Dengue is spreading fast in Nepal, in what could be the worst and most explosive epidemic since 2010.
A few days ago, a patient diagnosed with dengue virus was airlifted to Sukraraj Tropical and Infectious Disease Hospital (STIDH) for treatment. Another patient was brought to Kathmandu after she was confirmed to have contracted dengue virus. These two representative cases reflect panic among patients who are currently experiencing dengue-like symptoms, especially in the worst dengue-affected areas.
Dengue is spreading across the country at the moment—in what could be the worst and most explosive epidemic since 2010. After it was first detected in 2004, Nepal has experienced dengue epidemics almost every year. And it is expanding across the country, which is a matter of grave concern. But there have been limited studies on causes of the spread of this virus. Available studies suggest rapid urbanization, trade and human movements, inadequate water storage and climate change are responsible for spread of dengue virus worldwide.
A study conducted in Kathmandu showed that poor waste management allows virus-carrying mosquitoes to breed. Discarded tires, drums and plastic things are perfect harbors of mosquito larva in Kathmandu. A few years ago, the Epidemiology and Disease Control Division (EDCD) found that aedes mosquitoes are already established in Kathmandu. Thus dengue outbreak may occur in Kathmandu anytime and it will be the worst outbreak, as Kathmandu is a city with the largest population as well as highest human mobility.
For the first time this year, at least four patients have been confirmed to have dengue virus in Kathmandu. They contracted the virus after being bitten by infected local aedes mosquitoes. When they come to Kathmandu they bring with them the virus.
Nearly 200 patients with dengue virus have already been treated at STIDH. The majority of these patients were in early stages of infections, which means local mosquitoes are acquiring viruses from these patients. The virus may rapidly spread in Kathmandu.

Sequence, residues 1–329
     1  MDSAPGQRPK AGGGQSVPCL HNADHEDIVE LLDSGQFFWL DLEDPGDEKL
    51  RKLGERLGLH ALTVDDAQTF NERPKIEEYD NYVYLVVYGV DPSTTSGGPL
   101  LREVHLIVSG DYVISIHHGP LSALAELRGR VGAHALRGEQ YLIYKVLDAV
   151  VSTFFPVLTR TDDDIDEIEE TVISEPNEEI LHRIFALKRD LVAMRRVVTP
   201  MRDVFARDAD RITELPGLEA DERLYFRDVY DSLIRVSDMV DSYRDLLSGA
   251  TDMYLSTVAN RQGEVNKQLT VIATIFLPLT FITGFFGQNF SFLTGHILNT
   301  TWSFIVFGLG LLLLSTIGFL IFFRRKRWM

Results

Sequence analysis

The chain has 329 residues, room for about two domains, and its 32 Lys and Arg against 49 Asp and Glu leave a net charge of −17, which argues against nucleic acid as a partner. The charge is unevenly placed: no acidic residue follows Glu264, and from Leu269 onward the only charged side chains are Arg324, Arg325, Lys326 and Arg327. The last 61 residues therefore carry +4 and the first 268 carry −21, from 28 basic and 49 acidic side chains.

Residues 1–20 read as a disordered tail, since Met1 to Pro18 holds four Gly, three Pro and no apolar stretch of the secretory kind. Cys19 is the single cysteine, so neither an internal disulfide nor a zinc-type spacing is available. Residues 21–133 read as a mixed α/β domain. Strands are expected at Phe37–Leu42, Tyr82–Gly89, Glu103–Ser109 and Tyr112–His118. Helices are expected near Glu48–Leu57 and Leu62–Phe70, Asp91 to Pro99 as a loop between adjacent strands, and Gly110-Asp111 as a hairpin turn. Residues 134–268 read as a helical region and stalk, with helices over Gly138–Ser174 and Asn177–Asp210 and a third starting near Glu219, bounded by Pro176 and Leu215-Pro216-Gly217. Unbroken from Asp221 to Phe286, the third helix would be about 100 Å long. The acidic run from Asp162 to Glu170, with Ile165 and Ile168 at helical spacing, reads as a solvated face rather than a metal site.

Many people in Kathmandu are unaware of aedes mosquitoes, the carriers of dengue virus. The mosquitoes they are familiar with, of anopheles family, are carriers of malaria parasite, are most active at night and usually breed in polluted waters.
The patients claim to be sleeping inside mosquito nets during the night, and as such they should have been immune to such insects. But aedes mosquitoes are day biters and breed wherever there is clean standing water. It shows that there is a huge knowledge gap among people regarding mosquitoes. This needs to be promptly addressed.
The government seems unwilling to deliver timely and right information to people so as to better educate them on dengue epidemic. Rather it has a “mosquito search and destroys” policy, usually started only after massive outbreaks are reported.
Hundreds of dengue patients are being referred to Kathmandu for treatment. But there is no specific medicine to treat dengue infections. Platelets in our blood help with clotting. Platelet count may decrease drastically following a dengue infection, its patients are at high risk of hemorrhages.
Using social media
According to the Indian dengue guidelines, if the platelet count goes below 10,000/cumm, transfusion is warranted. But most health workers refer dengue patients to Kathmandu only after the count gets below 100,000/cumm. Health workers should be able enough to determine who requires admission and who does not. For this, we need to develop dengue treatment and prevention guidelines based on our own resources and researchers. Guidelines for prevention and control should be published in Nepali language as well in order to keep local communities informed.
Mass media can be effective to spread awareness of dengue. Studies in other countries suggest knowledge on dengue fever can be effectively disseminated via mass media such as television, radio, newspapers and social media networks.
The number of social media users is increasing in Nepal. Spreading this message through social media sites can thus be effective in educating people on prevention measures. This will also help control the outbreak early.
As dengue outbreaks are being reported, it has sent people, especially those living in dengue-affected areas, into a state of panic. Preparedness and timely education can dispel such fear and anxiety.
The author is coordinator of Clinical Research Unit at Sukraraj Tropical and Infectious Disease Hospital, Teku, Kathmandu.